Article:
If you implement a program of constantly saving 10% of your income and investing for the future, the annual increase in retirement savings becomes dominated by investment returns as you get closer to retirement—making it easier to grow your retirement savings faster once you have an established nest egg.

(graph based on assumptions outlined below for the Wealth45 guidelines)


Furthermore, we believe you should target more like 12x your income at retirement (see Roadmap to Retirement: FIRE or FRA for details). Although 10x is a reasonable goal, your target should provide a cushion to account for unforeseen circumstance. The primary hazard being many people retire earlier than planned due to health issues, layoffs, or other uncontrollable events.

The Wealth45 breakdown of savings by age to reach 12 times your income:

  • Age 30 = <1x income
  • Age 35 = 1 to 2x income
  • Age 40 = 2 to 3x income
  • Age 45 = 3 to 4x income
  • Age 50 = 4 to 5x income
  • Age 55 = 6 to 7x income
  • Age 60 = 8 to 9x income
  • Age 65 = 10 to 11x income
  • Age 67 = >12x income

Our guidelines are based on the following assumptions:

  1. Start saving for retirement at age 25
  2. Target retirement at age 67 (Full Retirement Age of those born after 1959)
  3. Household income grows at a steady rate throughout career (e.g., 3% annually)
  4. Constant savings rate (as % of income) throughout career (e.g., 10% including 401k match)
  5. Investment returns of 7.5% annually


Wealth45 vs “Expert” Guidance

Although our savings targets by age are not wildly different from the “experts,” there are a few important differences.

At age 45, we believe a lower target is appropriate compared to both Fidelity and The Millionaire Next Door (TMND).

Multiple of Income Wealth45 Fidelity TMND (AAW)
Age 45 3.5x 4.5x 4.5x


In general, the Wealth45 savings targets are lower when young and have just started to save for retirement, but accelerate faster when you are older and have built-up a comfortable nest eggs (and returns on your investments becomes the primary growth engine).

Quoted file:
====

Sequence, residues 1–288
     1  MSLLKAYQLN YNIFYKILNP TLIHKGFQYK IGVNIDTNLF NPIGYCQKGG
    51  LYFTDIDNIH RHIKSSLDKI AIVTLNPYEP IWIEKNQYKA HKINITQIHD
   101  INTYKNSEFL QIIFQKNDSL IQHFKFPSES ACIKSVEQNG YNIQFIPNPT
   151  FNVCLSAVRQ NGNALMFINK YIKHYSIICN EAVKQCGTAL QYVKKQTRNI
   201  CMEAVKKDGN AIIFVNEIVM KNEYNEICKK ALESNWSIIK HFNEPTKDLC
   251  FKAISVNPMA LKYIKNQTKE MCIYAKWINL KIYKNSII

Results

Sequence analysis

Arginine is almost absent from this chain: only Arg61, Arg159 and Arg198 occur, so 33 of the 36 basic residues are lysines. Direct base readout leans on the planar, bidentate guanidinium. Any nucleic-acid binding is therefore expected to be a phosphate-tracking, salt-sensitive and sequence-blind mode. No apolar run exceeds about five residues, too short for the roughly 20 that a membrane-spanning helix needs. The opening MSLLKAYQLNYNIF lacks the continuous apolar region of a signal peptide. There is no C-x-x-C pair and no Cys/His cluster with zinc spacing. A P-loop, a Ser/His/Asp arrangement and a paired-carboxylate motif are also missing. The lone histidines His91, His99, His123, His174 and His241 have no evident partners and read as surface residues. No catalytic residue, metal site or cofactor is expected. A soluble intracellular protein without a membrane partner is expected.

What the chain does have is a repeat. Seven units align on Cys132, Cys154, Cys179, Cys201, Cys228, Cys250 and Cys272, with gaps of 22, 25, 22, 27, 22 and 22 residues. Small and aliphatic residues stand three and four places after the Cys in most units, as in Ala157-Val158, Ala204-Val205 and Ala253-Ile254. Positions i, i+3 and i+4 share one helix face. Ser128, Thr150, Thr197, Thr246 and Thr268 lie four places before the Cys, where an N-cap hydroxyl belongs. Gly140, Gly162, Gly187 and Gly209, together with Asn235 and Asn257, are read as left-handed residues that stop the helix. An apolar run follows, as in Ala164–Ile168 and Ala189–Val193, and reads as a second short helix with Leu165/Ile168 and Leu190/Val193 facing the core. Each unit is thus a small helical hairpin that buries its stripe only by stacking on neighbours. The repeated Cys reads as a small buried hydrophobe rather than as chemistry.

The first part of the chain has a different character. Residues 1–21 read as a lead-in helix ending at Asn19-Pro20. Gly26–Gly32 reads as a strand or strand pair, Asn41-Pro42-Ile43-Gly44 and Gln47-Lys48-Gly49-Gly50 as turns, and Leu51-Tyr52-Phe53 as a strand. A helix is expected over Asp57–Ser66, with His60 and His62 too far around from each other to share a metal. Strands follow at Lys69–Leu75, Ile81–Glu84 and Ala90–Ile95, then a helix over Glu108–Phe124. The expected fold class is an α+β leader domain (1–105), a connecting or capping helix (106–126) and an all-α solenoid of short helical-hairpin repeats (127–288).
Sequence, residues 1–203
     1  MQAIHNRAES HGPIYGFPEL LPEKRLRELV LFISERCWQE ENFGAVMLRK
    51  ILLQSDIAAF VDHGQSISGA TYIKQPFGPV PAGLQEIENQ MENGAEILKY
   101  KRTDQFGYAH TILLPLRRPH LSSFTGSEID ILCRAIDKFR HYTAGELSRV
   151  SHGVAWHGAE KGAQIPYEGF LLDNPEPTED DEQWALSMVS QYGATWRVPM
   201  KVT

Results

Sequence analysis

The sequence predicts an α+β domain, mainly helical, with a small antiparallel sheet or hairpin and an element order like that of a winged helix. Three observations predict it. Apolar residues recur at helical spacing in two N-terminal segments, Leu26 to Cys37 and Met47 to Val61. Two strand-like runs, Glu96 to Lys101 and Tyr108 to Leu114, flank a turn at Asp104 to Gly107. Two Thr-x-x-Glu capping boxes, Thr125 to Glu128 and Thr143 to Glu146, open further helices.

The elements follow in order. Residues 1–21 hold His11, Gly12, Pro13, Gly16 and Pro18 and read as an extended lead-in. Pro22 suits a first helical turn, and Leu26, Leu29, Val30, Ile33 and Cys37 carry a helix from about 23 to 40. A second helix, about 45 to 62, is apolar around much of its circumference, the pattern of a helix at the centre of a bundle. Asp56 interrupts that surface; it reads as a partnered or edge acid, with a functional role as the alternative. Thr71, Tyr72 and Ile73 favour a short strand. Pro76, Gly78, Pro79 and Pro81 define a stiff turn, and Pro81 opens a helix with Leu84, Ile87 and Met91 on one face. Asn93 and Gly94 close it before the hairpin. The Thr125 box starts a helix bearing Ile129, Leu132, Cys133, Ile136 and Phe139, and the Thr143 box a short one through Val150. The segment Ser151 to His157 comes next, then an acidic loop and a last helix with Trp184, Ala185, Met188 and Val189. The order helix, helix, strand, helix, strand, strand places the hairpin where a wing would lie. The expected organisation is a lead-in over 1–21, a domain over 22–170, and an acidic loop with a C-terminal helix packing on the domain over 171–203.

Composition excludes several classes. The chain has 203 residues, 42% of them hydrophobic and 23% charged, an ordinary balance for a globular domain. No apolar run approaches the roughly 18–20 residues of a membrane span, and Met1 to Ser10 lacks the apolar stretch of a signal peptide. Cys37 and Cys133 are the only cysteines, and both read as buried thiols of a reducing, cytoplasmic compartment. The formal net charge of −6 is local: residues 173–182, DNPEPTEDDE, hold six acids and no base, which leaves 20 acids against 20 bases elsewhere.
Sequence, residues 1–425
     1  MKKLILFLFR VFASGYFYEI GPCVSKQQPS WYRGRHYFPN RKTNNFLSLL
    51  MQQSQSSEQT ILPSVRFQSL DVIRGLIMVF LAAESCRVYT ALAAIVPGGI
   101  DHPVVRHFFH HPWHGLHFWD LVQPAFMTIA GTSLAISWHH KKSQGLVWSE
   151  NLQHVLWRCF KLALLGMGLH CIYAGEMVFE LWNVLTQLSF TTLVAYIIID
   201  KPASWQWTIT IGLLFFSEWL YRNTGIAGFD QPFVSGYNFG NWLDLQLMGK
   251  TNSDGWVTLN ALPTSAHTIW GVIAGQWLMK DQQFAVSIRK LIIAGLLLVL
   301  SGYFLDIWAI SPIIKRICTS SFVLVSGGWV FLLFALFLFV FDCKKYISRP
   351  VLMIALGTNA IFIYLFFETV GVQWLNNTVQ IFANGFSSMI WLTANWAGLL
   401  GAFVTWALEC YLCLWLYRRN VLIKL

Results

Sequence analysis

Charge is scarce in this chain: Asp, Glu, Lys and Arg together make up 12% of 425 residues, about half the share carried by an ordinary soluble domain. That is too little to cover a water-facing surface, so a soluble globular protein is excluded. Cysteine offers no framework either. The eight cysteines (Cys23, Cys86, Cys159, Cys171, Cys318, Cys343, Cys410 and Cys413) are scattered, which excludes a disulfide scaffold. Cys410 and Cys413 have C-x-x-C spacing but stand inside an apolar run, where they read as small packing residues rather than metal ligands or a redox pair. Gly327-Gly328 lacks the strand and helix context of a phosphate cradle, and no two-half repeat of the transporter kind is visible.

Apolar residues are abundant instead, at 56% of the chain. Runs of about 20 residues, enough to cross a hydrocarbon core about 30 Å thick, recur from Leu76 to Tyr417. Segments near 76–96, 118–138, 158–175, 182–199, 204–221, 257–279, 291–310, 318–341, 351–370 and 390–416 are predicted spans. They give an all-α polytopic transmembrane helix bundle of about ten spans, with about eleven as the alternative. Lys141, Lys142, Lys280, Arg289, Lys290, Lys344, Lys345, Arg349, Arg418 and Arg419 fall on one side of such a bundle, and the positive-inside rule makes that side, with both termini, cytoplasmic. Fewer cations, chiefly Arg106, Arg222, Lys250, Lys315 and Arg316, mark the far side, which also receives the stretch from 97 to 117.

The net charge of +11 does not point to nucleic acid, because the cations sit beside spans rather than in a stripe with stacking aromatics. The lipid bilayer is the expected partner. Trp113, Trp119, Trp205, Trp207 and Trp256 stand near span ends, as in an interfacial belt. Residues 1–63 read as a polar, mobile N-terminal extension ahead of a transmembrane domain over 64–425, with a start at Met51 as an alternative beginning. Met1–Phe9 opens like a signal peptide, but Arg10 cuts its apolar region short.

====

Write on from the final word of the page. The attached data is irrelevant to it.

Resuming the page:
The crossover point is somewhere in your mid to late 50s where Fidelity and Wealth45 agree on the target. Before this age, Fidelity is recommending a higher savings as a multiple of income. Afterward, Wealth45 believes you should target a slightly higher multiple of income.


Reality Disconnect

Unfortunately, for most people these savings targets are completely unrealistic and disconnected from their reality. The majority of people in the United States have nowhere near this level of savings.

Data from the latest Federal Reserve Survey of Consumer Finances (2016):

Age of head Median Net Worth (‘000) Median Income (‘000)
35-44 $60 $66
45-54 $124 $70
55-64 $187 $61


Using the data above to calculate the net worth as a multiple of income:

Age of head Multiple of Income
35-44 <1x
45-54 1.8x
55-64 3.1x


Clearly these savings multiples for median households are far below the targets proposed. And even these figures are too optimistic since median net worth is not the same as retirement savings.

For many people, the largest asset is their primary residence (i.e., the equity in their home). Although some people can downsize at retirement and live off the proceeds, this is easier said than done.

Luckily, as a group, employees of technology firms are outliers to the general population, earning high salaries and able to save more toward retirement.

Stay tuned for a future post on what to do if you are 45 and not on-target to hit your retirement goals. Sign-up here for our emails.


Setting Yourself Up for Success

If you are fortunate enough to be able to save for retirement, there is a formula for long-term success.

  1. Start young – the earlier you can start socking away money for investing, the easier it is to reach your retirement goals
  2. Save a fixed percentage of your income every year – target 10%
  3. Invest your savings in a diversified portfolio aligned with your risk tolerance and time horizon (click here to find your portfolio)

A simple way to implement this formula is to take advantage of your employer’s 401k plan (if you work for a company like Microsoft, Amazon, Google and most other large employers that provide matching contributions).

The company match will reduce the amount of money you need to save and help grow your retirement savings faster.

  • Microsoft chips in (i.e., matches) 50 cent for every dollar you contribute (up to the max IRS limits). Hence, if you contribute 7% of your income, Microsoft will provide an additional 3.5%, putting your total savings at 10.5% annually.
  • matches 50% on the first 4% of your contributions (for a total of 2%). Hence, you will need to contribute 8% of your salary to reach the 10% goal once Amazon chips in their 2%.
  • Google will also match 50% on the dollar, with the added advantage of a 100% match on the first $3,000 in contributions. Hence, depending on your salary, you will need to contribute between 5% and 7% to reach the desired 10% overall savings rate.
Target Date Retirement FundsAre Amazon and Google technology companies?